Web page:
The minimum wage in Maine is $11 per hour, as of January 1, 2019. The minimum wage will increase to $12 per hour in 2020.
The FLSA allows employers to pay a lower hourly minimum wage, as long as that wage plus the tips the employee earns adds up to at least the full minimum wage for each hour worked. If not, the employer has to make up the difference.
In Maine, employers can take a maximum tip credit of $5.50. This means that, in 2019, employers may pay tipped employees an hourly wage of $5.50, as long as the employee’s tips bring the total hourly wage up to the state minimum wage of $11 an hour. (For more information, see Nolo’s article Tips, Tip Pooling, and Tip Credits.)
In Maine, eligible employees must receive overtime if they work more than 40 hours in a week. Not every type of job is eligible for overtime, however. To learn more, see Nolo’s article Overtime Pay: Your Rights as an Employee and contact the Maine Department of Labor.
Yes. Employees in Maine are entitled to a meal break of 30 minutes, unpaid, after six consecutive hours of work, except in cases of emergency.
To learn more about wage and hour laws in Maine, contact the state Department of Labor.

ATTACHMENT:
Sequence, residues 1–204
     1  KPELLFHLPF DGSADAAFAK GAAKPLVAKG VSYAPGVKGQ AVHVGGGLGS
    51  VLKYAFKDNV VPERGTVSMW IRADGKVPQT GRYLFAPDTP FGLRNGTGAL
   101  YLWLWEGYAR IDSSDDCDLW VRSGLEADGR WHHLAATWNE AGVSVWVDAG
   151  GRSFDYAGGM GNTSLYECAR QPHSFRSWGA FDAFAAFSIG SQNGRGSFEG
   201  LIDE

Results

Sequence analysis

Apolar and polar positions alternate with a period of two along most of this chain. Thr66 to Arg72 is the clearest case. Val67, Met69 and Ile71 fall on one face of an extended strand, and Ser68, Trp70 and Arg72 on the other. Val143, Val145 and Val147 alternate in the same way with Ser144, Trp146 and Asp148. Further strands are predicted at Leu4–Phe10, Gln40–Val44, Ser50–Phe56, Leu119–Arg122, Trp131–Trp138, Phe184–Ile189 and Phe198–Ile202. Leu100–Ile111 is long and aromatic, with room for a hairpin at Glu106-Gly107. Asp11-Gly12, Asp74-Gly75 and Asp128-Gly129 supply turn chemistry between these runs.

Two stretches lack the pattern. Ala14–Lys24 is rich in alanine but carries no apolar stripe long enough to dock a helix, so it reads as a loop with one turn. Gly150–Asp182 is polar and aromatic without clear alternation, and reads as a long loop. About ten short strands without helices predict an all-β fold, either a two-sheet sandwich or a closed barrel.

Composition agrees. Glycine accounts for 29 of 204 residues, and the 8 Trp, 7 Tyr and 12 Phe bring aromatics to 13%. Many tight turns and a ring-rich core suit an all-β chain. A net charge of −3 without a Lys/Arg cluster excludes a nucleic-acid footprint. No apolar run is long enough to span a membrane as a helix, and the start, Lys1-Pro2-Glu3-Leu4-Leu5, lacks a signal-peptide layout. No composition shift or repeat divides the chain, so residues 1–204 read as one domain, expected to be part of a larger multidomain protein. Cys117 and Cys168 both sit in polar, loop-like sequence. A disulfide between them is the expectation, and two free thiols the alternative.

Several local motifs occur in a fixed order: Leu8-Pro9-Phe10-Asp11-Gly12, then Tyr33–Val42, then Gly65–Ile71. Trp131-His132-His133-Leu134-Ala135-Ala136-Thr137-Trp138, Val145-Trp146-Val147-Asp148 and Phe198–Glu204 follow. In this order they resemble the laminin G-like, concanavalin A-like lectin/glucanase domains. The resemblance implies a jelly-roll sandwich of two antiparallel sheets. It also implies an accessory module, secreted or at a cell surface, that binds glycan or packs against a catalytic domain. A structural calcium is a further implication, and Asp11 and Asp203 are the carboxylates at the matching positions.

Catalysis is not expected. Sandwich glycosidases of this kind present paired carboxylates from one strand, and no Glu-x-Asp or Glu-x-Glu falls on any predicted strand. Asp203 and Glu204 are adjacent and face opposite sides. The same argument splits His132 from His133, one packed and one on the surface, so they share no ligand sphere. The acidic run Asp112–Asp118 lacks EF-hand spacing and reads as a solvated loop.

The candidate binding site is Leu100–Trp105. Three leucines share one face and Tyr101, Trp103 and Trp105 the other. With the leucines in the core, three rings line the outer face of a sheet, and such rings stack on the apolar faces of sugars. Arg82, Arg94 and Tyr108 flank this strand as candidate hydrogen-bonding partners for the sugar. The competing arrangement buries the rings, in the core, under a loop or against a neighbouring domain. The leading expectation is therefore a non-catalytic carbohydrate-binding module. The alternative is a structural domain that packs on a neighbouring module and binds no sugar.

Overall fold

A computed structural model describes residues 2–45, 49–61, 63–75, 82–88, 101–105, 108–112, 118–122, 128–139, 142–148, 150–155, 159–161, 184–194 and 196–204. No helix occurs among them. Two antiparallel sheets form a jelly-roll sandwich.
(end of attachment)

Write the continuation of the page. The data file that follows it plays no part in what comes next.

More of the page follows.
Wage and hour laws set the basic standards for pay and time worked—covering issues like minimum wage, tips, overtime, meal and rest breaks, what counts as time worked, when you must be paid, things your employer must pay for, and so on.
The federal wage and hour law is called the Fair Labor Standards Act (FLSA). Most states also have their own wage and hour laws, and some local governments (like cities and counties) do, too. An employer who is subject to more than one law must follow the law that is most generous to the employee. For example, the federal minimum wage is currently $7.25 per hour, but employers in states that have set a higher minimum wage must pay the higher amount.
To locate an employment law attorney in your area, visit Nolo's Lawyer Directory, where you can view information about each lawyer's experience, education, fees, and, perhaps most importantly, the lawyer's general philosophy of practicing law. By using Nolo's directory, you can narrow down candidates before calling them for a phone or face-to-face interview.